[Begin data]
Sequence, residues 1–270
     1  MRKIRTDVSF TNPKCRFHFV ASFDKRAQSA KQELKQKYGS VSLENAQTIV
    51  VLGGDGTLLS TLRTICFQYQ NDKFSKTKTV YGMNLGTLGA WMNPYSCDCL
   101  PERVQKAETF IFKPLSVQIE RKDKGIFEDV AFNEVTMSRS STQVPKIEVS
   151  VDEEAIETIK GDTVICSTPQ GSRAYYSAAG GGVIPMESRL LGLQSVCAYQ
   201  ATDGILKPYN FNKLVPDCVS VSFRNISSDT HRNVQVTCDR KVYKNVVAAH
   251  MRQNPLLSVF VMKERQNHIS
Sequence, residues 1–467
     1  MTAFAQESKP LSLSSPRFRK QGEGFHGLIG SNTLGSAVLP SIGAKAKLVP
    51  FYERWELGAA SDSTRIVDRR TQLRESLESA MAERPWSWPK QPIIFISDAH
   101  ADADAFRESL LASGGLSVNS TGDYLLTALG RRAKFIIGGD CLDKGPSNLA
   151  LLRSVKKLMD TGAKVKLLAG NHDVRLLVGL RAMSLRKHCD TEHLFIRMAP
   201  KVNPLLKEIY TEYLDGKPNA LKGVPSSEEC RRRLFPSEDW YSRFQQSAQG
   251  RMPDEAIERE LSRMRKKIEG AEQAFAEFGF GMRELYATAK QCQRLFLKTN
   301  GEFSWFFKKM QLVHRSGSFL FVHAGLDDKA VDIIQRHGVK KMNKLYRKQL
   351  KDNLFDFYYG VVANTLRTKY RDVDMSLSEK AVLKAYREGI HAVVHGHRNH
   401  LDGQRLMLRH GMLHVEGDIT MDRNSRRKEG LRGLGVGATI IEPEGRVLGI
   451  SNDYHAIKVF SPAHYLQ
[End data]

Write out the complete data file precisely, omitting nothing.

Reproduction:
Sequence, residues 1–270
     1  MRKIRTDVSF TNPKCRFHFV ASFDKRAQSA KQELKQKYGS VSLENAQTIV
    51  VLGGDGTLLS TLRTICFQYQ NDKFSKTKTV YGMNLGTLGA WMNPYSCDCL
   101  PERVQKAETF IFKPLSVQIE RKDKGIFEDV AFNEVTMSRS STQVPKIEVS
   151  VDEEAIETIK GDTVICSTPQ GSRAYYSAAG GGVIPMESRL LGLQSVCAYQ
   201  ATDGILKPYN FNKLVPDCVS VSFRNISSDT HRNVQVTCDR KVYKNVVAAH
   251  MRQNPLLSVF VMKERQNHIS
Sequence, residues 1–467
     1  MTAFAQESKP LSLSSPRFRK QGEGFHGLIG SNTLGSAVLP SIGAKAKLVP
    51  FYERWELGAA SDSTRIVDRR TQLRESLESA MAERPWSWPK QPIIFISDAH
   101  ADADAFRESL LASGGLSVNS TGDYLLTALG RRAKFIIGGD CLDKGPSNLA
   151  LLRSVKKLMD TGAKVKLLAG NHDVRLLVGL RAMSLRKHCD TEHLFIRMAP
   201  KVNPLLKEIY TEYLDGKPNA LKGVPSSEEC RRRLFPSEDW YSRFQQSAQG
   251  RMPDEAIERE LSRMRKKIEG AEQAFAEFGF GMRELYATAK QCQRLFLKTN
   301  GEFSWFFKKM QLVHRSGSFL FVHAGLDDKA VDIIQRHGVK KMNKLYRKQL
   351  KDNLFDFYYG VVANTLRTKY RDVDMSLSEK AVLKAYREGI HAVVHGHRNH
   401  LDGQRLMLRH GMLHVEGDIT MDRNSRRKEG LRGLGVGATI IEPEGRVLGI
   451  SNDYHAIKVF SPAHYLQ